Sharla Fett teaches courses on early U.S. and African American history, including the Atlantic World, Slavery and the Antebellum South, U.S. Women’s History, and Collective Memory and Slavery’s Legacies. Read her Oxy Story profile.
Sharla M. Fett is Professor of History at Occidental College in Los Angeles, working in the fields of nineteenth-century Atlantic World slavery, the antebellum U.S. South, and race, gender and health. She is the author of Working Cures: Healing, Health and Power on Southern Slave Plantations (2002) and Recaptured Africans: Surviving Slave Ships, Detention, and Dislocation in the Final Years of the Slave Trade (2017), both with University of North Carolina Press. She has also published in the journal Slavery and Abolition (2009) and has essays in New Studies in the History of American Slavery, edited by Stephanie Camp and Edward Baptist (2006), and Paths of the Atlantic Slave Trade, edited by Ana Lucia Araujo (2010).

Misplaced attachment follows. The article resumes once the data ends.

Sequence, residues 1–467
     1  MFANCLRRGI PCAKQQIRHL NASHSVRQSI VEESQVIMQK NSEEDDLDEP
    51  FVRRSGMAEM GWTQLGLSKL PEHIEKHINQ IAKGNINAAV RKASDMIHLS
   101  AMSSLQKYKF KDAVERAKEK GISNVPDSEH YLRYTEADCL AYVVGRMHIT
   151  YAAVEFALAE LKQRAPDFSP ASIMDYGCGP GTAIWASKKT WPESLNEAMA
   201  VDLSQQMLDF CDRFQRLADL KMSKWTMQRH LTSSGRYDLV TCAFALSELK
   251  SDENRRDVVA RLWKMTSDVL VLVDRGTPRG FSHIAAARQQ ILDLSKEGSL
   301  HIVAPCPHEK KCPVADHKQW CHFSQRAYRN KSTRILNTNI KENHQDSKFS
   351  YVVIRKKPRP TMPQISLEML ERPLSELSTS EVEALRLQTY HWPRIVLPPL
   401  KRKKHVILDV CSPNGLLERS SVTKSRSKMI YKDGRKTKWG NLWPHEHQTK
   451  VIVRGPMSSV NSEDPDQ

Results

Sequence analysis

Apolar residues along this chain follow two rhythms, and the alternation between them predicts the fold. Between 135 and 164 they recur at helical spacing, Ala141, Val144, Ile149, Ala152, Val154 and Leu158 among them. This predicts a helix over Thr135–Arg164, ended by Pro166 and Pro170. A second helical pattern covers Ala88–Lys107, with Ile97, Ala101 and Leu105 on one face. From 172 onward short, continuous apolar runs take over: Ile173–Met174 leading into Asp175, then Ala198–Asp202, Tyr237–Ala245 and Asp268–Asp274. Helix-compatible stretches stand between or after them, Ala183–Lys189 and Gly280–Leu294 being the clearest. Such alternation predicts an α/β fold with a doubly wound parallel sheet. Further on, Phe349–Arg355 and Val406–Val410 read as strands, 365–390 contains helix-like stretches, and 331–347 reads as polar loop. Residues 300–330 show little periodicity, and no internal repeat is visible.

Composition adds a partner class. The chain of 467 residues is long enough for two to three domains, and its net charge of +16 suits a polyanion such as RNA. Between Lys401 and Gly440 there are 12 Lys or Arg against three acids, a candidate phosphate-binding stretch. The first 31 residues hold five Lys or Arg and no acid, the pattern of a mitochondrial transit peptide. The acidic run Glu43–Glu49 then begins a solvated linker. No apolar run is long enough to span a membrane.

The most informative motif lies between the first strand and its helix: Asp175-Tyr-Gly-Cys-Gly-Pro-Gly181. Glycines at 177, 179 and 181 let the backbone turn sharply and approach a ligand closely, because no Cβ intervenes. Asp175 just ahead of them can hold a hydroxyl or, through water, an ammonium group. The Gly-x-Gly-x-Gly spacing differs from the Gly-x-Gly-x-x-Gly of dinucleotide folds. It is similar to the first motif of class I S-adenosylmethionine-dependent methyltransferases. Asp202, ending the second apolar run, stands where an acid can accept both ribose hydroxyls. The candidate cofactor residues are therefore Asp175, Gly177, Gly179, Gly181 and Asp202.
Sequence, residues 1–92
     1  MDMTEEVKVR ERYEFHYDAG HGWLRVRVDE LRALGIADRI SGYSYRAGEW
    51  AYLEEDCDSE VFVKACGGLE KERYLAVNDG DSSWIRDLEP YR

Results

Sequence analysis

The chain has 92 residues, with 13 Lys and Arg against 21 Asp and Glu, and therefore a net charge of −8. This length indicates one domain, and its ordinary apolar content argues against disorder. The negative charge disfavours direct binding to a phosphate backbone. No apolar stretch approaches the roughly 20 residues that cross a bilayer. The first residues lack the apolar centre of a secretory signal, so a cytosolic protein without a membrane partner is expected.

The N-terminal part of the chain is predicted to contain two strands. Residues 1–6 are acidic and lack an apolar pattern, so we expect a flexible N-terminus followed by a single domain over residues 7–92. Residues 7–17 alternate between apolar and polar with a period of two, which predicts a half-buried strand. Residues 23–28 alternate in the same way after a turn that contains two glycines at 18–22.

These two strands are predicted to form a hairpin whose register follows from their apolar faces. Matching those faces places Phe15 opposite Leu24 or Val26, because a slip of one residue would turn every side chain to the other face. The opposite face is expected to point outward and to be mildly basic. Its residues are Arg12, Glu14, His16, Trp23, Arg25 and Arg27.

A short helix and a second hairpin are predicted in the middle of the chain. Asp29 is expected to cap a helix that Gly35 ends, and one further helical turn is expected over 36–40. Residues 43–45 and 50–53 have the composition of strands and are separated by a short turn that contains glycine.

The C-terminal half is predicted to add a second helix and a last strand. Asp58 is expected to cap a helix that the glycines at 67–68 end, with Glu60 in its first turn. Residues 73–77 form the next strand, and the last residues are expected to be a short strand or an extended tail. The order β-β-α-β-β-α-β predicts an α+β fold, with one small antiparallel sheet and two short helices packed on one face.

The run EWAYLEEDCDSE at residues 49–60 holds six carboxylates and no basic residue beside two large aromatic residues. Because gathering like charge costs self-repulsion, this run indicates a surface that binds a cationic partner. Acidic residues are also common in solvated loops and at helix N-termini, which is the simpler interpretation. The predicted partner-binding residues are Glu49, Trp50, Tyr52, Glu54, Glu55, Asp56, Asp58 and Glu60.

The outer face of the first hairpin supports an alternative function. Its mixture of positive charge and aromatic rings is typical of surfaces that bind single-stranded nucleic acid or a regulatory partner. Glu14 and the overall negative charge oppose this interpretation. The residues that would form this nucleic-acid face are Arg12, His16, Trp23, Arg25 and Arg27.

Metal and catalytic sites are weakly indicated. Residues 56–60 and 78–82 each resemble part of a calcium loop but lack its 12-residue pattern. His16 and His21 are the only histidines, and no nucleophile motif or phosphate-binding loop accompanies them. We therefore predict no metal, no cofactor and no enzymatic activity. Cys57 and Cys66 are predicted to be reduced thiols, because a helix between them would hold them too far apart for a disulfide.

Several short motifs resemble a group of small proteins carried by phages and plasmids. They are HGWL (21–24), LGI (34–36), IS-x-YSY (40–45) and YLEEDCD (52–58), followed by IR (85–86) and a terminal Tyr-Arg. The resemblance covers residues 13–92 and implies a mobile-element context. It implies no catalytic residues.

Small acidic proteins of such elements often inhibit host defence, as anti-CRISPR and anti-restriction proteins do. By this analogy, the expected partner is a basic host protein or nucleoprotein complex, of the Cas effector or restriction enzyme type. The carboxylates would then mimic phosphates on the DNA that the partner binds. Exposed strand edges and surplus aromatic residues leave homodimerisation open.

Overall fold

She has been a teaching partner with the Colored Conventions Project, founded by Gabrielle Foreman at the University of Delaware, and has edited a student-researched exhibit on California's Colored Conventions of the 1850s and 1860s titled, "Equality Before the Law: California Black Convention Activism, 1855-1865." Currently, she is a contributor to a Digital Humanities project on the diaspora of Liberated Africans and is exploring African American engagement with the Congo region in the last half of the nineteenth-century.